1942…The ladies of the Mazama Community Club are planning an all day meeting at the schoolhouse to complete the quota of Red Cross sewing they were requested to do. Everyone is urgently requested to attend and anyone who can do so is asked to bring a sewing machine. Potluck dinner will be served.
January 1955...The community club members turned out on Saturday and finished the painting of the Community building. It was also a general clean up day with a big potluck at noon.
January 1955...Friends of Mr. and Mrs. Ray Patterson gathered Friday at the community building for a surprise 25th anniversary party for them with a potluck supper and social evening. Three pieces of silverware were presented to them.
So we are certainly maintaining a solid Mazama tradition with our sumptuous Potluck dinner tonight.
Speaking of Mazama Traditions…In 1981 according to then MCC Secretary, Loren Karro, the Community Club traditionally sponsored three annual events:
the Annual Pancake Breakfast, the Annual Fall Potluck, and the Annual Mazama Barn Dance
Some of us thought the barn dance should be reinstated so, thanks to Dee Christensen, we will be reviving the Mazama Barn Dance complete with caller and fiddle player on Saturday February 10. Mark your calendars and get out your crinoline skirts and your bolo ties and be ready for some fun. Some members of the planning committee are concerned that there will be a shortage of men available to do do-se-dos but I am sure that the men assembled here will prove them wrong.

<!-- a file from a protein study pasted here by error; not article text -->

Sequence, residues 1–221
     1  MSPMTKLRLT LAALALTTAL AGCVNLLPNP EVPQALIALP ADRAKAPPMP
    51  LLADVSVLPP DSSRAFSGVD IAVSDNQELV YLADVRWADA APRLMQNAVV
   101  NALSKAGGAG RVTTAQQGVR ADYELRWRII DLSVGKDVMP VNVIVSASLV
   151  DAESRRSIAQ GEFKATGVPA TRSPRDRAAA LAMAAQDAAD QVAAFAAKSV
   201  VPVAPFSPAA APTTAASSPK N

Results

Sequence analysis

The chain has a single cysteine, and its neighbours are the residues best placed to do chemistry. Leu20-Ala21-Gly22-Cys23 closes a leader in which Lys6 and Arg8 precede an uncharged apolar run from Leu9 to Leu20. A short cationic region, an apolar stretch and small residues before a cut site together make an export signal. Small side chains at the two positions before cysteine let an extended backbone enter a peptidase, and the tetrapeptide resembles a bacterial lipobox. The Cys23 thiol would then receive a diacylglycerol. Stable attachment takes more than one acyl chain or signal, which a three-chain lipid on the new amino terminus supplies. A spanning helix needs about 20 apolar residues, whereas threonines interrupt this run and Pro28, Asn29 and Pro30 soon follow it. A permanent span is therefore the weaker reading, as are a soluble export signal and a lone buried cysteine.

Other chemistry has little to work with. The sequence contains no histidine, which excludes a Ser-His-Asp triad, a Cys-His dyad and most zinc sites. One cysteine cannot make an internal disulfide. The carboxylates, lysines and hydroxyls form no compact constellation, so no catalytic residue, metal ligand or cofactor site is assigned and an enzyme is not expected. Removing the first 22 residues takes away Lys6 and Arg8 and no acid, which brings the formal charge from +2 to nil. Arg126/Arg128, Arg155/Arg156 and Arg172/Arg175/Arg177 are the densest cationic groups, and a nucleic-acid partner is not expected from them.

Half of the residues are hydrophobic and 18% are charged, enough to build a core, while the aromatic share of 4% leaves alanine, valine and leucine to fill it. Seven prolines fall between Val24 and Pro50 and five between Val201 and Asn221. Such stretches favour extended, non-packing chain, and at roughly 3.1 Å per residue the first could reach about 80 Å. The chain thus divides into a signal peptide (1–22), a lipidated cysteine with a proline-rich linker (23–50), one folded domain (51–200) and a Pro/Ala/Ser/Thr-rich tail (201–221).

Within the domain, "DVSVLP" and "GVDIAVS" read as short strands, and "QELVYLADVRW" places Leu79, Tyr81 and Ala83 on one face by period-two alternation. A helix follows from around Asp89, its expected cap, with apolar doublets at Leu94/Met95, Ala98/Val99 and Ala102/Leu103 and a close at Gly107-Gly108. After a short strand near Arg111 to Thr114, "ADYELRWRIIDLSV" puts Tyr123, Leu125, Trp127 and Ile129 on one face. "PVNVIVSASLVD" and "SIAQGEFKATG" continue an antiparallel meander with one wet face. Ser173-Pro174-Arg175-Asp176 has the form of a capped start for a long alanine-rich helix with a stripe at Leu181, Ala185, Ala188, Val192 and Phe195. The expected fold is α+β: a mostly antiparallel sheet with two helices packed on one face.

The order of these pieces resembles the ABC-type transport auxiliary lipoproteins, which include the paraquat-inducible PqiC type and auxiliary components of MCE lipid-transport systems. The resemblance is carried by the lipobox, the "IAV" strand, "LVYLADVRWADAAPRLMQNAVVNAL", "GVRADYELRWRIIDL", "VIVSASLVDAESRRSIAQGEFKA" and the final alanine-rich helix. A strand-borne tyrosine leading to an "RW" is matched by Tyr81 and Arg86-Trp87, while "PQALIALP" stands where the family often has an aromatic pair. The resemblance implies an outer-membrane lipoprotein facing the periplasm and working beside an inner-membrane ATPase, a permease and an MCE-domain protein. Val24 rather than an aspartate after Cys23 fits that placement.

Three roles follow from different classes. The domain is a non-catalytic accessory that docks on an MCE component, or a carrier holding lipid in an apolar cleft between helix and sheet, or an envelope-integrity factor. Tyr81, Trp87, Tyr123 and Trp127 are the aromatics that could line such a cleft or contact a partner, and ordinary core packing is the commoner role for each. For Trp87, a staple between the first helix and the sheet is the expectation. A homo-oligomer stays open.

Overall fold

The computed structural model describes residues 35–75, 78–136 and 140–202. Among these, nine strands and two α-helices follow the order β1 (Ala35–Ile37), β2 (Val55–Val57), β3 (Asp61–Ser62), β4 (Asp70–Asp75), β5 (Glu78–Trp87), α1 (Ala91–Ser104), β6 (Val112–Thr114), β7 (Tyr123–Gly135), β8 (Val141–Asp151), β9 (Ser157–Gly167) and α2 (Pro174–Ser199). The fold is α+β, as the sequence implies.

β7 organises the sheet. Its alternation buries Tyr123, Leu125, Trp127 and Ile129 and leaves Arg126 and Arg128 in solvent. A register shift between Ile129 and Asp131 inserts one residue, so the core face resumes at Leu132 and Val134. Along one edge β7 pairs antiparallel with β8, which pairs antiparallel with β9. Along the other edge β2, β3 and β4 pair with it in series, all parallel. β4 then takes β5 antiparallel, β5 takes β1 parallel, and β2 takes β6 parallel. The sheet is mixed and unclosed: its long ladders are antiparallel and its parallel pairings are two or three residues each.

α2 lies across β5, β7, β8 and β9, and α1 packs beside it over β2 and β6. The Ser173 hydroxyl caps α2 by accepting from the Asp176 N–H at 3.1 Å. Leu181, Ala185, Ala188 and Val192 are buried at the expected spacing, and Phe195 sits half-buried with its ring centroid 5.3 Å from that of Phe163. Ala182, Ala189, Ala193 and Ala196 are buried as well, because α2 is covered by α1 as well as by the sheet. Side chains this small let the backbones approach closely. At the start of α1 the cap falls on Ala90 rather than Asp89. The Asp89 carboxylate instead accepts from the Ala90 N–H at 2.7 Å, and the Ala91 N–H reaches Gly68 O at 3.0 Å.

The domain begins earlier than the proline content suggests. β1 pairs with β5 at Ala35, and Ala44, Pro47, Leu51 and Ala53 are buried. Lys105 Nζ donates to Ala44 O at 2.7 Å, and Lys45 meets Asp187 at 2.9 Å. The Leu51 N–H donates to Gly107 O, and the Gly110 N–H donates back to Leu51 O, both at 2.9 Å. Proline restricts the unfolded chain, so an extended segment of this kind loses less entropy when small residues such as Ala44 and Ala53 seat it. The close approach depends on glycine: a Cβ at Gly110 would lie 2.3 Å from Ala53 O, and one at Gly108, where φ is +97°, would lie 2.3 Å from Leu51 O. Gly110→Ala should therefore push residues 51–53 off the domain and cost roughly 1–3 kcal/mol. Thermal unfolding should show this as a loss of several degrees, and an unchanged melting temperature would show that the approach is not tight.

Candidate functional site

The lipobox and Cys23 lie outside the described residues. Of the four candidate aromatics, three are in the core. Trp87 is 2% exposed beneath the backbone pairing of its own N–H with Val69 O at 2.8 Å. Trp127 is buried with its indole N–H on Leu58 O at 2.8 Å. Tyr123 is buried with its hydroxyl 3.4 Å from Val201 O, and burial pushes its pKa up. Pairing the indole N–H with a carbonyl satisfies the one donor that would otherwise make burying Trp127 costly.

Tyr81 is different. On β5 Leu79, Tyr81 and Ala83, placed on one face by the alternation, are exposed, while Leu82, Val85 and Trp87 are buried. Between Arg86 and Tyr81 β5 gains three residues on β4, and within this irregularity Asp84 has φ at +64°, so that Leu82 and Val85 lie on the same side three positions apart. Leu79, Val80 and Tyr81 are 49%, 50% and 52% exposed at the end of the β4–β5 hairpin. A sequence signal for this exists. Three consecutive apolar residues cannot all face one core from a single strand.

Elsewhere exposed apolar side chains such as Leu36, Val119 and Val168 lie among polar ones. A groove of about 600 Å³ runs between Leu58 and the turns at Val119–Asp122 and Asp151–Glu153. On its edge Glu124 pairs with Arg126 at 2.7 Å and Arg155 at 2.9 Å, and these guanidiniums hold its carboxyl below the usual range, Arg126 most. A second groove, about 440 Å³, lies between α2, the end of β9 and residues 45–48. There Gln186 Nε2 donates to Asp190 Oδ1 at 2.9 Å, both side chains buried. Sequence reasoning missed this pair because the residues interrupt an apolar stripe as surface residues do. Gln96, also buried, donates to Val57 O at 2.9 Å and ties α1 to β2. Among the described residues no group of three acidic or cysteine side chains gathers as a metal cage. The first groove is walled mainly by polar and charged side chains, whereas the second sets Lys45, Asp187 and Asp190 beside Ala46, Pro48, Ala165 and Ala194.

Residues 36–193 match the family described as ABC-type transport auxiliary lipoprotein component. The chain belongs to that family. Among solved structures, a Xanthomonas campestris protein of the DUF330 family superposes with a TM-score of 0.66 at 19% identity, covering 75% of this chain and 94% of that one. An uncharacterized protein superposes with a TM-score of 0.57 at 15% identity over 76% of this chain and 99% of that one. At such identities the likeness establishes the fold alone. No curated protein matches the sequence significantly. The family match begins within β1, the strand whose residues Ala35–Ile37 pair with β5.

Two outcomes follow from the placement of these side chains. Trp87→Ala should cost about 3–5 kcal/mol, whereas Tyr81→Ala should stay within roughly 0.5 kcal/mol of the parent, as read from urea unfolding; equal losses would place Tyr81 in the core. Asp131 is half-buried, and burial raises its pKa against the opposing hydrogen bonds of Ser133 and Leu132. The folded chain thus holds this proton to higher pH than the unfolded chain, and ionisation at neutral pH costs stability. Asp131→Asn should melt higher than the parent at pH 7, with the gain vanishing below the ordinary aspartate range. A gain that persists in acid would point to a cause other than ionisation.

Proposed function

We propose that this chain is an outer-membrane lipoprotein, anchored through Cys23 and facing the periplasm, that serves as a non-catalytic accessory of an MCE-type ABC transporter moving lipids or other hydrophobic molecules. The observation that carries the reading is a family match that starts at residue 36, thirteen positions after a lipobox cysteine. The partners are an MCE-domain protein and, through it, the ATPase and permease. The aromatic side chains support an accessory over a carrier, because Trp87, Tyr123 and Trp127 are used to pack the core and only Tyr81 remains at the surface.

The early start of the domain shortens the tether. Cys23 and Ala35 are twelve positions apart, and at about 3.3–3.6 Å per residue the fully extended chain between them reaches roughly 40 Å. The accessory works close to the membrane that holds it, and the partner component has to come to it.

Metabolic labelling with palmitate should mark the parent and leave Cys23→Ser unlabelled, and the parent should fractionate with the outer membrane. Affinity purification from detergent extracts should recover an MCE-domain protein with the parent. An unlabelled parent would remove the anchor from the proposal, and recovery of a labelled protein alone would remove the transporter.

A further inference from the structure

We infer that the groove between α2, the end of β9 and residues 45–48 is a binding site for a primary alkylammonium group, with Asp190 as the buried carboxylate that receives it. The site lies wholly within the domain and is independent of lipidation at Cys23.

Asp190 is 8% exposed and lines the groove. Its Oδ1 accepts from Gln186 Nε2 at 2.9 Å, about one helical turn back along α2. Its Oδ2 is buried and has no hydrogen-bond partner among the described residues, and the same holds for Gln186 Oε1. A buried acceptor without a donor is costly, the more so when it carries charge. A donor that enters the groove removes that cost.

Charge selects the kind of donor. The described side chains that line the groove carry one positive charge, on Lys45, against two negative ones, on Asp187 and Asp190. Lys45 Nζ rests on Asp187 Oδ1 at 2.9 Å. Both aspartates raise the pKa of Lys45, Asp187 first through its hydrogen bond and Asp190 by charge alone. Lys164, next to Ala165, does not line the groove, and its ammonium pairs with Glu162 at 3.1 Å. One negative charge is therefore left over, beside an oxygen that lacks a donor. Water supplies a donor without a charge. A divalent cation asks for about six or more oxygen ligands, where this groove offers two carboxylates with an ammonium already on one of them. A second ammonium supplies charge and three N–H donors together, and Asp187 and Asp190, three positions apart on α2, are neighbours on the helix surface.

Before retreating to my dessert I would like to acknowledge my sources:
Gloria and Bob Spiwak
Barry George-Okanogan Historical Society
Mazama Potluck History Lesson November 10, 2018...by Louise Stevens
When I became secretary of your Mazama Community Club, I inherited a stack of club history including several copies of Bob Spiwak”s Mazama Goat Wall Journal. Three years ago I consolidated some of that information and shared it at the Fall Potluck as a “history lesson” on the evolution of the Mazama Community Club. Then last year with the help of Barry George at the Okanogan Historical Society I collected information and anecdotes about the One Room Mazama School House located in this building until 1937. This became potluck “history lesson” # 2. This evening I want to share history lesson # 3…….